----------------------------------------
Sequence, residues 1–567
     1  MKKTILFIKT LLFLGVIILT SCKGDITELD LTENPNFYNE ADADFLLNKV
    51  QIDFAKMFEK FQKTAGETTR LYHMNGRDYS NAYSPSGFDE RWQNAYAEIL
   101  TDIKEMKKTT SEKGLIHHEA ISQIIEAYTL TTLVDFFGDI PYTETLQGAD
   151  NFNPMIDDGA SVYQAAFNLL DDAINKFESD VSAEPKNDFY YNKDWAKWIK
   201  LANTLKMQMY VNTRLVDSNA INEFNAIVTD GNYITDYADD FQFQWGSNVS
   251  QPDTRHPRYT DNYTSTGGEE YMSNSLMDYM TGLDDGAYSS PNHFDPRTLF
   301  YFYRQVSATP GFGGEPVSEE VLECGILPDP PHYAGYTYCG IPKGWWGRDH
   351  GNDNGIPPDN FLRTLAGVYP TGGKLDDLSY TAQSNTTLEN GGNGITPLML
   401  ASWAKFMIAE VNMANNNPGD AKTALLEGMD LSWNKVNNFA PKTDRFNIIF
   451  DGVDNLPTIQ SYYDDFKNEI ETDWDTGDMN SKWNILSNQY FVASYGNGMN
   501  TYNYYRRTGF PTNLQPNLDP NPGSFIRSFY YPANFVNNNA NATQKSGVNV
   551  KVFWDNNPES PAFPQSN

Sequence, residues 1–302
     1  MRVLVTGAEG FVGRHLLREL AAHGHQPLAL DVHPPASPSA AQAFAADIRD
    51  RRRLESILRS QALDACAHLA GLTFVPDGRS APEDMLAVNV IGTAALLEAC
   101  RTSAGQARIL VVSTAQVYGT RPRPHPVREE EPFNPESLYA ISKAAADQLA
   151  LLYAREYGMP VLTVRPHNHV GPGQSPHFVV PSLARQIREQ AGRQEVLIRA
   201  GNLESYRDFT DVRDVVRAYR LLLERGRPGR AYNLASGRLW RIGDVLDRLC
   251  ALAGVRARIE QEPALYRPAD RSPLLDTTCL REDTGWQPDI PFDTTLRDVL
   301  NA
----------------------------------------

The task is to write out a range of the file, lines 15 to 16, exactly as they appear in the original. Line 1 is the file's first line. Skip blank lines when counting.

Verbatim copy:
     1  MRVLVTGAEG FVGRHLLREL AAHGHQPLAL DVHPPASPSA AQAFAADIRD
    51  RRRLESILRS QALDACAHLA GLTFVPDGRS APEDMLAVNV IGTAALLEAC